• Opioid withdrawal. You may have symptoms of opioid withdrawal during treatment with SYMPROIC including sweating, chills, tearing, warm or hot feeling to your face (flush), sneezing, fever, feeling cold, abdominal pain, diarrhea, nausea, and vomiting. Tell your healthcare provider if you have any of these symptoms.

MEDICATION GUIDE

What is the most important information I should know about SYMPROIC®?

SYMPROIC may cause serious side effects, including:

  • Tear in your stomach or intestinal wall (perforation). Stomach pain that is severe can be a sign of a serious medical condition. If you get stomach pain that does not go away, stop taking SYMPROIC and get emergency medical help right away.
  • Opioid withdrawal. You may have symptoms of opioid withdrawal during treatment with SYMPROIC including sweating, chills, tearing, warm or hot feeling to your face (flush), sneezing, fever, feeling cold, abdominal pain, diarrhea, nausea, and vomiting. Tell your healthcare provider if you have any of these symptoms.

What is SYMPROIC?

SYMPROIC is a prescription medicine used to treat constipation that is caused by prescription pain medicines called opioids, in adults with long-lasting (chronic) pain that is not caused by active cancer.

It is not known if SYMPROIC is safe and effective in children.

Do not take SYMPROIC if you:

  • have a bowel blockage (intestinal obstruction) or have a history of bowel blockage.
  • are allergic to SYMPROIC or any of the ingredients in SYMPROIC. See the end of this Medication Guide for a complete list of ingredients in SYMPROIC. Tell your healthcare provider or pharmacist before you start or stop any medicines during treatment with SYMPROIC.

Before you take SYMPROIC, tell your healthcare provider about all of your medical conditions, including if you:

  • have any stomach or bowel (intestines) problems, including stomach ulcer, Crohn’s disease, diverticulitis, cancer of the stomach or bowel, or Ogilvie’s syndrome.
  • have liver problems.
  • are pregnant or plan to become pregnant. Taking SYMPROIC during pregnancy may cause opioid withdrawal symptoms in your unborn baby. Tell your healthcare provider right away if you become pregnant during treatment with SYMPROIC.
  • are breastfeeding or plan to breastfeed. It is not known if SYMPROIC passes into your breast milk. You should not breastfeed during treatment with SYMPROIC and for 3 days after your last dose. Taking SYMPROIC while you are breastfeeding may cause opioid withdrawal symptoms in your baby. You and your healthcare provider should decide if you will take SYMPROIC or breastfeed. You should not do both.

Tell your healthcare provider about all the medicines you take, including prescription and over-the-counter medicines, vitamins, and herbal supplements. Other medicines may affect the way SYMPROIC works.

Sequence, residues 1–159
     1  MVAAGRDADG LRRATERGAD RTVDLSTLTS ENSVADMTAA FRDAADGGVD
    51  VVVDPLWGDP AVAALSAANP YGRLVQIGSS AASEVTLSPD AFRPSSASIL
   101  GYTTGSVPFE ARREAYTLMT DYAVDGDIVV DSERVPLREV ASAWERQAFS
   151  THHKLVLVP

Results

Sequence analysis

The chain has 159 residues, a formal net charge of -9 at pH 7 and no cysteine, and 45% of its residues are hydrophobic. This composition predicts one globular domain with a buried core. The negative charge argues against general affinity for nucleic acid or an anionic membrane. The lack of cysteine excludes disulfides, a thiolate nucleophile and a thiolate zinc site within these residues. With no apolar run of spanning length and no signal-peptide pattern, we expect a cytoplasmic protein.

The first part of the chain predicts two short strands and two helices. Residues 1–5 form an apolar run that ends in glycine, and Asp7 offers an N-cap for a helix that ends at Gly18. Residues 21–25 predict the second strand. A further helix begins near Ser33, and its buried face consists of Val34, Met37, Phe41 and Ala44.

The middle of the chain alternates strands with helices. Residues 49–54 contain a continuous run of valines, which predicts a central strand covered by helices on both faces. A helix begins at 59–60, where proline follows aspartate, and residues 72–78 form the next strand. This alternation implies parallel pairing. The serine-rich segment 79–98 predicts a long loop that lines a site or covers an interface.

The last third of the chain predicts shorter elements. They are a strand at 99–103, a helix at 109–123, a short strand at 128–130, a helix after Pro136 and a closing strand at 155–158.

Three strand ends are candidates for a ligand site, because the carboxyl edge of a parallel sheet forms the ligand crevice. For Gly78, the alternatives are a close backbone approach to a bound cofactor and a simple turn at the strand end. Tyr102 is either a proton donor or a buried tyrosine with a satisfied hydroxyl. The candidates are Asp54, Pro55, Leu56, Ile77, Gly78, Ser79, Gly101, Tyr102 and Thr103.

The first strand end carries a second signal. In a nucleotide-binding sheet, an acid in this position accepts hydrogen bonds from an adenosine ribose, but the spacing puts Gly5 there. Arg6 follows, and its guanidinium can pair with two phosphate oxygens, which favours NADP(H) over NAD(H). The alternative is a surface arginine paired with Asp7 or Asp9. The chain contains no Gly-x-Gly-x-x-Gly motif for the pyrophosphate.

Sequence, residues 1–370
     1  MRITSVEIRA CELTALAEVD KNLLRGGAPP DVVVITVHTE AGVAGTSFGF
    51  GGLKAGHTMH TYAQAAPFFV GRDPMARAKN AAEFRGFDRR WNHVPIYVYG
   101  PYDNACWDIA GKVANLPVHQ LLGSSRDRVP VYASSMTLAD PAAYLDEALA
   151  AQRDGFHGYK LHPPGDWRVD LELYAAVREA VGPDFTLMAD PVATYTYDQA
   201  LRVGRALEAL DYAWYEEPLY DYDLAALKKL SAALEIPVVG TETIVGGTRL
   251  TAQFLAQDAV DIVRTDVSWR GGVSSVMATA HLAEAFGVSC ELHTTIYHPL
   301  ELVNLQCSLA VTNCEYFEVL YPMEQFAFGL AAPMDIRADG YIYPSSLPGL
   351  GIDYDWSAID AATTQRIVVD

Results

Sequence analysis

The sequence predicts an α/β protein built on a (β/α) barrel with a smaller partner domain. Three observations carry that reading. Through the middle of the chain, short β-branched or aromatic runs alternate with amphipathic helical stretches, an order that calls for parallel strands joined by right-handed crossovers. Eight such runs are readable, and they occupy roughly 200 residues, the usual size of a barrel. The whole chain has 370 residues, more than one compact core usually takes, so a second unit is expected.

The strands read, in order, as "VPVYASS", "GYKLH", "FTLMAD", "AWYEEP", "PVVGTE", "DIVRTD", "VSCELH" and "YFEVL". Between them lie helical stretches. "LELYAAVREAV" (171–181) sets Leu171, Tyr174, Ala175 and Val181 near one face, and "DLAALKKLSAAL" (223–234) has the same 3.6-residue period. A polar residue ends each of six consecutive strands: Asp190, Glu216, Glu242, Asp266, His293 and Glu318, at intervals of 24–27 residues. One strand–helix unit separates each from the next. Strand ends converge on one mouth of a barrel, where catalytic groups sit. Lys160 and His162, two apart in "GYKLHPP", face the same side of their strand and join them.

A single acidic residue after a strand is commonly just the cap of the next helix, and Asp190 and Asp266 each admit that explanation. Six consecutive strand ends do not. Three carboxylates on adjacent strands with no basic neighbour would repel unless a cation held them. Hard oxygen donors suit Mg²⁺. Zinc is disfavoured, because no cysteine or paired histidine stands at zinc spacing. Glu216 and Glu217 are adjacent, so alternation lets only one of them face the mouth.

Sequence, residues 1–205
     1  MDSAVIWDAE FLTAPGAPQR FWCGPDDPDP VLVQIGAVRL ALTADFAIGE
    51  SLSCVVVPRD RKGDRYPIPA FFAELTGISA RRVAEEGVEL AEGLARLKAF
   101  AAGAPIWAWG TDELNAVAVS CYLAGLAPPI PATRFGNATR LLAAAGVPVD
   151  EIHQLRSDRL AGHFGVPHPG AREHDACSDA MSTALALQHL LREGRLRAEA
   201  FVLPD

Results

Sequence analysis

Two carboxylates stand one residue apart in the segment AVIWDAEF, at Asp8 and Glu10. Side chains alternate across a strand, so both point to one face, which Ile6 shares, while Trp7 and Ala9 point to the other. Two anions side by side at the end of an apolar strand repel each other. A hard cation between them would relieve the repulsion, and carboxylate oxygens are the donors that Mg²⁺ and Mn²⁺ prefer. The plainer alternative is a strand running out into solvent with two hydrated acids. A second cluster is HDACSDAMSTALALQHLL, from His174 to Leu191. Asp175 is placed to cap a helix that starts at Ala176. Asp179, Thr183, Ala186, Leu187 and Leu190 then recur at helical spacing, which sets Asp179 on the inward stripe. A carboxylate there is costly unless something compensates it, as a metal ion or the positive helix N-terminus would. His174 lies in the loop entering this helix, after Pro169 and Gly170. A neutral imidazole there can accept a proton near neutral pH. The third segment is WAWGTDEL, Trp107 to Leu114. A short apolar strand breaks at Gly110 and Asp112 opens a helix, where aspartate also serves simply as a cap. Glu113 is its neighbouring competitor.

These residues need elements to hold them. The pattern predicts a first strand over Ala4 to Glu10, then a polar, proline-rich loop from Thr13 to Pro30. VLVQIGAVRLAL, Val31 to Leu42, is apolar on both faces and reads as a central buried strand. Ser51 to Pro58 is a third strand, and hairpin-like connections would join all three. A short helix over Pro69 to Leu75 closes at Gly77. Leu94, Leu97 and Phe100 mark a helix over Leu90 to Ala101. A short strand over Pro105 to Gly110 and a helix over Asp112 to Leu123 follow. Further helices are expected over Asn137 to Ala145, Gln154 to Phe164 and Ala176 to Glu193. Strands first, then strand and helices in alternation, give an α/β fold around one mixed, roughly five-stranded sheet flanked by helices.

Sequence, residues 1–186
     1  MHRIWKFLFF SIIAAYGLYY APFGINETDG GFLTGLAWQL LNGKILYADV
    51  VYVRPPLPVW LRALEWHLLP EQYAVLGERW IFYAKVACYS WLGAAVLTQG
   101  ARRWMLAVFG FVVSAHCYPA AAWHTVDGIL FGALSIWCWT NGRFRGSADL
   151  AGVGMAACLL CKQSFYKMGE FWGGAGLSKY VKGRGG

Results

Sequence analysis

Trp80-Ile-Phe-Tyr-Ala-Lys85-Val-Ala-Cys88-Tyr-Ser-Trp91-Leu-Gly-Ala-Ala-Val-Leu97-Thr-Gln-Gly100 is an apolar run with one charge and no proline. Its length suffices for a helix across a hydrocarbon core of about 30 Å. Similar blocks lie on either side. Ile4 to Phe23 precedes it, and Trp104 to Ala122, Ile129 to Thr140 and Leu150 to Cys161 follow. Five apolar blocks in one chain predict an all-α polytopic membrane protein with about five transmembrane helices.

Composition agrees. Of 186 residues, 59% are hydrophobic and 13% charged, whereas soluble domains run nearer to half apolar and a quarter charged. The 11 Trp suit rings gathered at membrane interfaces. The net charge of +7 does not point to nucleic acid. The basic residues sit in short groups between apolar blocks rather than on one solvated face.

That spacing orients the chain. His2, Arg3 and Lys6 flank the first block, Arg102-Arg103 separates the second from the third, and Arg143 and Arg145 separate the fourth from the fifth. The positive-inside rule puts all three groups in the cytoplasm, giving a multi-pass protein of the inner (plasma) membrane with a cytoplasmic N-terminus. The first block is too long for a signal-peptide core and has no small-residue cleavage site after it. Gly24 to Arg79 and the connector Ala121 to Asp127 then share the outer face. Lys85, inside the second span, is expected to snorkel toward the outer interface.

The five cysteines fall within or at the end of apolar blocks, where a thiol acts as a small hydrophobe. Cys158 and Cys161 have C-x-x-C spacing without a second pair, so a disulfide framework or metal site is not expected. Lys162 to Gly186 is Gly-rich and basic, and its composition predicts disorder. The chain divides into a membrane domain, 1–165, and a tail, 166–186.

How should I take SYMPROIC?
  • Take SYMPROIC exactly as your healthcare provider tells you to take it.
  • Take your prescribed dose of SYMPROIC 1 time each day.
  • SYMPROIC can be taken with or without food.
  • SYMPROIC has been shown to be effective in people who have taken opioid pain medicines for at least 4 weeks.
  • Tell your healthcare provider if you stop taking your opioid pain medicine. If you stop taking your opioid pain medicine, you should also stop taking SYMPROIC.

What are the possible side effects of SYMPROIC?

See “What is the most important information I should know about SYMPROIC?”

The most common side effects of SYMPROIC include stomach (abdomen) pain, diarrhea, nausea and vomiting (gastroenteritis).

Tell your healthcare provider if you have any side effect that bothers you or that does not go away. These are not all the possible side effects of SYMPROIC. Call your doctor for medical advice about side effects. You may report side effects to FDA at 1-800-FDA-1088.

How should I store SYMPROIC?

  • Store SYMPROIC at room temperature between 68°F to 77°F (20°C to 25°C).
  • Keep SYMPROIC in the bottle that it comes in.

Keep SYMPROIC and all medicines out of the reach of children.

General information about the safe and effective use of SYMPROIC.

Medicines are sometimes prescribed for purposes other than those in a Medication Guide. Do not take SYMPROIC for a condition for which it was not prescribed. Do not give SYMPROIC to other people, even if they have the same symptoms that you have. It may harm them. You can ask your pharmacist or healthcare provider for information about SYMPROIC that is written for health professionals.

What are the ingredients in SYMPROIC?

Active Ingredient: naldemedine tosylate

Inactive ingredients: D-mannitol, croscarmellose sodium, magnesium stearate, hypromellose, talc, and yellow ferric oxide.

Manufactured for: BioDelivery Sciences International, Inc. Raleigh, NC 27612

Please see full Prescribing Information and Medication Guide for SYMPROIC.

To report SUSPECTED ADVERSE REACTIONS, contact BioDelivery Sciences International, Inc. at 1-800-469-0261 or FDA at 1-800-FDA-1088 or www.fda.gov/medwatch.